Recently acquired, Denyse Thomasos. Dismantle #2, 1998. Acrylic on canvas, Overall: 160 × 183 × 4.1 cm. Gift of Richard and Donna Ivey, 2019. Courtesy of the Denyse Thomasos Estate and Olga Korper Gallery. 2019/2432
In the movement of Pan-Africanism, “The Maafa” is a term often used to describe the many historical atrocities committed against people of African Descent. It is evoked, most commonly, in reference to the Transatlantic slave trade and its resounding ripple effects. Over centuries, hundreds of Black artists have created powerful work documenting the trauma, resistance and brilliance that have resulted from the Maafa. Denyse Thomasos is one of those artists.
Born in Trinidad in 1964, contemporary Canadian artist Denyse Thomasos is best known for her large-scale, semi-abstract paintings. Her work often references architecture and structural elements as a means of discussing themes as varied as slavery, mass incarceration, immigration and urban life. Many of the colours and motifs in her pieces are inspired by non-Western societies specifically those in West Africa, India and China - the three main cultural influences in her native Trinidad.
Thomasos immigrated to Canada as a child in the early 70s, settling with her family in Toronto. As a Black person in a largely white education system, she struggled with feelings of isolation and a lack of accessible information about her history and culture. It was through this necessity for self-expression that she began painting at an early age. After receiving a B.A. from the University of Toronto and an M.F.A. from Yale, Thomasos gained prominence in the 90s, exhibiting extensively in Canada, including in two shows at the AGO, Swing Space: Wallworks (2007) and Watch This Space (2012-2013), and in the United States and internationally.
In a publication written to accompany her exhibition Urban Jewels: Denyse Thomasos’ Big Canvases at the MacLaren Art Centre in Barrie, Ontario, Thomasos elaborates in great detail about her practice, and the ways in which she intricately references the Transatlantic slave trade in her work.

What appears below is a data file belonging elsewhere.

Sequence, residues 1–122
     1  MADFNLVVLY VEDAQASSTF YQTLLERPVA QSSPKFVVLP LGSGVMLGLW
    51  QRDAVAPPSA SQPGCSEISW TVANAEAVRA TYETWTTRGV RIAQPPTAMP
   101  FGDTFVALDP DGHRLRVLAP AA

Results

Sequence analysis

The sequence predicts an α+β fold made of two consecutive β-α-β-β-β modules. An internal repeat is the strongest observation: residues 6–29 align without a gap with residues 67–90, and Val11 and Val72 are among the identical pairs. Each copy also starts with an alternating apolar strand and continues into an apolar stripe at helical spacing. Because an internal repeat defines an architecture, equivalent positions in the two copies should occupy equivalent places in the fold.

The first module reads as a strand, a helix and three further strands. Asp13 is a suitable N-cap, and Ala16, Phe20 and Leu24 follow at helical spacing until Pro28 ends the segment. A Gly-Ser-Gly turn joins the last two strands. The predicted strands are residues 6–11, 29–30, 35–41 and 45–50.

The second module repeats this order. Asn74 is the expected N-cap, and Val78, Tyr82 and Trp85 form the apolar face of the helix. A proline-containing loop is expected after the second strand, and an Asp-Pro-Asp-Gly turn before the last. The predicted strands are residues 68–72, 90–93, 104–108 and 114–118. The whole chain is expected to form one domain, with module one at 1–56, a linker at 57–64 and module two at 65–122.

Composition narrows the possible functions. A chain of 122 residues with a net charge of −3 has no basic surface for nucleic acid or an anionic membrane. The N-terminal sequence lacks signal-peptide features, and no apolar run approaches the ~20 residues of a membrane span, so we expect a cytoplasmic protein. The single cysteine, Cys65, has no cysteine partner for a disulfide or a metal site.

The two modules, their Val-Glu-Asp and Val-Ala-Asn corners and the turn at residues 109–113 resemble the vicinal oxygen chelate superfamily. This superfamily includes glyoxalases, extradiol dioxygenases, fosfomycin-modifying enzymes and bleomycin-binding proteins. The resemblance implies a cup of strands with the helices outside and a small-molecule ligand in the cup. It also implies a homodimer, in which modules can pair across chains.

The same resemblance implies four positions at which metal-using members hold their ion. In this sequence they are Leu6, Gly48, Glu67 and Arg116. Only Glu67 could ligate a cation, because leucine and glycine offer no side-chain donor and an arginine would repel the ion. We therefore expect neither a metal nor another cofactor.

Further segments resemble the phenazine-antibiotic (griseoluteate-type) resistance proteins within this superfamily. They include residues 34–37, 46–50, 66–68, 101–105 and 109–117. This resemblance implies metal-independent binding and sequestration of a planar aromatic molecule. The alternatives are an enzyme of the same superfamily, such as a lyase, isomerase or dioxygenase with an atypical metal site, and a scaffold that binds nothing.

“I was struck by the premeditated, efficient, dispassionate records of human beings as cargo and also by the deplorable conditions of the slave ships—so many Africans stacked and piled into the tiny, airless holds. In my artworks, I used lines in deep space to recreate these claustrophobic conditions, leaving no room to breathe. To capture the feeling of confinement, I created three large-scale black-and-white paintings of the structures that were used to contain slaves—and left such catastrophic effects on the black psyche: the slave ship, the prison, and the burial site. These became archetypal for me. I began to reconstruct and recycle their forms in all of my works.”
Denyse Thomasos passed away tragically in July of 2012 at the young age of 47 due to complications with a routine medical procedure. Though she was already a prolific and important artist, one can only imagine the potential masterpieces she hadn’t yet painted. Her unique interpretations of the Black diaspora, and its many complexities, offer important insight for art-lovers worldwide.
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